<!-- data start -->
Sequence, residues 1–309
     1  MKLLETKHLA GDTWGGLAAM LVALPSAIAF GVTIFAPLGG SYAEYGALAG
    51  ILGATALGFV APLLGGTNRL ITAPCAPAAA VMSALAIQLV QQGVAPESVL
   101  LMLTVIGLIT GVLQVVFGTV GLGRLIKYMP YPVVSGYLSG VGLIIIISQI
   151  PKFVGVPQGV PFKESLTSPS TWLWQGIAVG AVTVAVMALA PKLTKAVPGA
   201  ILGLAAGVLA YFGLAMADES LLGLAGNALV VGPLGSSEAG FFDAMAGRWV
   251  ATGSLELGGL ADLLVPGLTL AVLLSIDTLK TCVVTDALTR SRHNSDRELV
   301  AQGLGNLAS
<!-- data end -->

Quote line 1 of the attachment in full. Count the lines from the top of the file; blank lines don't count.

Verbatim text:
Sequence, residues 1–309